Month: December 2014

This Mirror In Me, by Denis Fitzpatrick

I read a sample of This Mirror In Me and the concept was quite intriguing. But this book really does not have enough content that qualifies for a full length novel. It might have been an interesting short story, but in its present form, it’s simply tiring.

Summary: Tonia, a mathematics professor, performs a strange ritual every weekend, wherein she stares at her mirror and imagines her friends in the reflection, thereby having long (and I mean – LONG) conversations with each of them. She does this to make up for the lack of a social life. She feels as this practice is not hurting anyone, she does not need to seek help, despite knowing it’s an addictive habit and she has detailed hallucinations, which, of course, as anyone would tell you, isn’t normal.

Characters: Tonia is the protagonist. She considers herself very friendly and outgoing but does not understand why none of her friends want to invite her over to their houses. On the other hand, she dislikes visitors who come in unannounced. The other characters are the ones she has interactions with in her mirror.

Chapters/Layout: There are 24 chapters. Their names correspond with the person Tonia is interacting with. In each chapter, there are lengthy conversations. The flaw here is that there is little narration between the dialogues. They simply run one after the other. In effect, we’re talking about 24 lengthy conversations with one main character and several imagined ones. Some chapters seem a little pointless, placed there only to highlight the protagonist’s behavior, the imagined character’s behavior or to increase the length of the story. But then, not to sound snarky (though nearly there), the whole book seemed a little pointless.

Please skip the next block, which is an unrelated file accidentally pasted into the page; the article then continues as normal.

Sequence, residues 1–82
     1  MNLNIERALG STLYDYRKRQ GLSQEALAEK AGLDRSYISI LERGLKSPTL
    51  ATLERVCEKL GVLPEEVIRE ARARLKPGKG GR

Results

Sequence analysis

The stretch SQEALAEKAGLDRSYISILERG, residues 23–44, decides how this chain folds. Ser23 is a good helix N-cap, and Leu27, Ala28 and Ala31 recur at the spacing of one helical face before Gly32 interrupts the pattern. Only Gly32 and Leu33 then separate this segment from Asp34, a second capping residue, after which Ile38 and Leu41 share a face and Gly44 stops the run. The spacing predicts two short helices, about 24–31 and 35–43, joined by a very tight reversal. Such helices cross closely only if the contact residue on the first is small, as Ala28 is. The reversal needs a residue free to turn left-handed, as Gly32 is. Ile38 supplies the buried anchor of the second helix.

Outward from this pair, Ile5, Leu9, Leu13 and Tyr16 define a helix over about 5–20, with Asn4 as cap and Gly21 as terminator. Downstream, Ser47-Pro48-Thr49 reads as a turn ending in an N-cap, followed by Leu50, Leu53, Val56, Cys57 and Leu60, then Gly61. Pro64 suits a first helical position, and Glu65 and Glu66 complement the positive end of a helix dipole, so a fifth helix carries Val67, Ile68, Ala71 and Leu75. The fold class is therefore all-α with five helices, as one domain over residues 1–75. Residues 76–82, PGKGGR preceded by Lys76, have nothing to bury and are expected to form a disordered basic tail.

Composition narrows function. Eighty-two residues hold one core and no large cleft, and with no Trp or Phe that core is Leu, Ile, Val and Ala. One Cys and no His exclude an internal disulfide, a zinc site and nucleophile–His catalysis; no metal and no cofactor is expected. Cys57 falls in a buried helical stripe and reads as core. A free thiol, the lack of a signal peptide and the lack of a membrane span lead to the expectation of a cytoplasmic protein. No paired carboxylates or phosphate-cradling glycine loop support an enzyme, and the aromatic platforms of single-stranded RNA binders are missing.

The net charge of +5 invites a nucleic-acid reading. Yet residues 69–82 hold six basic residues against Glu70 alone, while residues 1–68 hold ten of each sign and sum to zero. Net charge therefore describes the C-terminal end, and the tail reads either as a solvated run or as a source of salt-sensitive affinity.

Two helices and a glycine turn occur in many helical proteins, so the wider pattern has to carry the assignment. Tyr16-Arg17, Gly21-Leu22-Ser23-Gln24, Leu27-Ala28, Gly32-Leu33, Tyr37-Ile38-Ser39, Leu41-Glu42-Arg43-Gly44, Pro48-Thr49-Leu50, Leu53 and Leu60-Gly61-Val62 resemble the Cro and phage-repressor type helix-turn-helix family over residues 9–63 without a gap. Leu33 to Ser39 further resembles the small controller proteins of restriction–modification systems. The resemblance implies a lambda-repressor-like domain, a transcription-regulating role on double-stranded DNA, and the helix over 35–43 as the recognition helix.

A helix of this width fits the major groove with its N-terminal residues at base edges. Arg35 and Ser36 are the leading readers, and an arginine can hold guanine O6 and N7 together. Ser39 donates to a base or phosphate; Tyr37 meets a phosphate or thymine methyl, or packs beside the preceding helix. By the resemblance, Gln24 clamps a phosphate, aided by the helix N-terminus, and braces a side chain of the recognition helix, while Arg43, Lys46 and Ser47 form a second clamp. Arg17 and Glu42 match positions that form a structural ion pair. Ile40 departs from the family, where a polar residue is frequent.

The book held a lot of promise in the beginning. I even liked a quote a lot and submitted it on goodreads. But the more I read, the more dull This Mirror In Me seemed, and before I knew it, I couldn’t wait for it to end (and a fast-paced page-turner, it sure isn’t).

Rating: 2/5

If you wanna buy it (though my review isn’t what anyone would consider a sales pitch!), the Kindle version is available here:


Note: I was sent a PDF version of the novel for review by Denis Fitzpatrick.


The Long And Short Of It, Various Authors – Indireads Collection

Lately, I’ve been pretty disillusioned with the state of literature. There are so many authors and so many books that are badly in need of shaping up.
Which is why when the Indireads team sent me a copy of The Long And Short Of It, I sighed with the assumption of meh-ness. Thereby, making the colossal mistake of judging a book by its cover. I was pleasantly surprised as the book progressed.
About the book: The Long And Short Of It is a collection of short stories. The book is divided in to four parts, based on genre: Drama, Crime, Paranormal and Romance. Each story is followed by a short bio of the respective author. There are stories by 15 different south-Asian authors.
The stories: While all the stories in The Long And Short Of It are good, the Crime section is what truly carries the book on its shoulders. The five stories in this section are crisp and delicious, all with a surprise ending. I must especially mention the two stories by Dr. Roshan Radhakrishnan. They left me awed.